SMNR: Comparative Judicial Politics

Course Information

Registration Information

Meeting Times

Day Time Location
TUE 3:30 - 6:30 pm BAT 1.104

Evaluation Method

Type Date Time Location


This is a Government course, cross-listed with the Law School.

Courts around the world are becoming more powerful and more deeply involved in setting public policy, deciding important political and social questions, and constraining democratic politics. At the same time, those who should know – and care – the most about this phenomenon, including lawyers, politicians, and political scientists, often operate under mistaken premises concerning courts and law, how politics affects them and how they in turn affect politics. In this course we will try to dispel some of these misunderstandings. We will ask questions like the following: What is behind this global trend? What are courts doing with their newfound powers? When do courts and law have more important consequences for politics and for social change? Perhaps more importantly, is the “judicialization” of politics good, bad or indifferent? And good for whom?

The course examines the role that courts and law play in political systems around the world, including the United States. We begin with an examination of the basic logic of courts and law, and cover such topics as the differences across legal traditions, the creation of constitutional courts, the nature of judicial decision-making, judicial independence, the capacity of courts to produce social change, etc. The ultimate goal is to understand the conditions under which courts are or become consequential actors within the overall social and political system.

The course should be especially relevant to those with an interest in comparative law and legal systems, comparative judicial behavior, the role of courts in politics and social change, and the rule of law around the world. Given the course’s strong institutional focus, the course should also be relevant to those interested in comparative institutional analyses more generally. The readings will include materials on courts around the world, from the US and the rest of North America, to Latin America, Africa, the Middle East, Asia and Europe.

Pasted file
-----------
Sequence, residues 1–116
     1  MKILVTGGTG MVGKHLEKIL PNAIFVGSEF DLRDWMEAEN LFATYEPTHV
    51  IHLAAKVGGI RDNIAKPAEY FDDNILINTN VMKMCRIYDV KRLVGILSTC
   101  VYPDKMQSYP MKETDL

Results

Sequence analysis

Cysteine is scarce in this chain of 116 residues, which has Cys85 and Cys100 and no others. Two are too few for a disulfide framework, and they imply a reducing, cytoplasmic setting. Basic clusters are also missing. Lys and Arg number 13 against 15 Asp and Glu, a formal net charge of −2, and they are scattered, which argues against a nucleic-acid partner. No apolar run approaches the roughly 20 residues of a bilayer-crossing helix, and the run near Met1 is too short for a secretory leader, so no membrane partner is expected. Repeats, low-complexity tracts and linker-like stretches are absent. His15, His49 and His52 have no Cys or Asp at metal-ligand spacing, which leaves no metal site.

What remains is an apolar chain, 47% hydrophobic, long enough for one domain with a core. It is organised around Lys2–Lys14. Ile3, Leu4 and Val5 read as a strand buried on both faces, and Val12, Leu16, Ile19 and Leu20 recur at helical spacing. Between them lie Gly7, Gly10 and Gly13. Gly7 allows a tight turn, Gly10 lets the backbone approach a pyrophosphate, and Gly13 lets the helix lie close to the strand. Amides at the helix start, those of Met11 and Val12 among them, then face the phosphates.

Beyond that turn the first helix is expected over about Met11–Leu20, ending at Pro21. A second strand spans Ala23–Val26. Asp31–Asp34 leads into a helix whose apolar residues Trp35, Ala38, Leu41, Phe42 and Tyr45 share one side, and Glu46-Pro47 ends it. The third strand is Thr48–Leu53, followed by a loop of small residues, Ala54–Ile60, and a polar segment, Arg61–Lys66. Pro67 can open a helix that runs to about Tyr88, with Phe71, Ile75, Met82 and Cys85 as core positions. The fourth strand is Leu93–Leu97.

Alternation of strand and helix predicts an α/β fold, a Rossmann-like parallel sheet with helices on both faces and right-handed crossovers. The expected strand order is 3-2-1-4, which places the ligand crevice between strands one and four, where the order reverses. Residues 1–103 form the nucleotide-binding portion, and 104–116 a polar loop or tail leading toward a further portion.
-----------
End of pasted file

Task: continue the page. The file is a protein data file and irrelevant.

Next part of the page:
Writing Assignments:

For this course you will produce three kinds of written assignments. You will write two reaction papers, minimum of one or two pages, that react to the readings for a particular day, and provide questions to jump start the discussion. You will write one reflection paper of 5-7 pages on at least one of the conceptual or theoretical questions addressed in the course, that offers some original thinking on these issues, grounded in an understanding and critique of the literature we cover. Finally, you will write a paper of 25 to 35 pages on a topic of your choice that at least points in the direction of a conference/article quality piece of work. You will need to make some original claim in your paper, not just repeat and re-process what is already in the literature. Alternatively, you may write a thoughtful critical review of several recent pieces (say, three books) on a topic – for this, the standard will be theoretical and critical originality. A good critical review will still depend on reading more broadly than what we have on the syllabus, in order to bring all the relevant literature to bear.

Textbooks ( * denotes required )

No materials required


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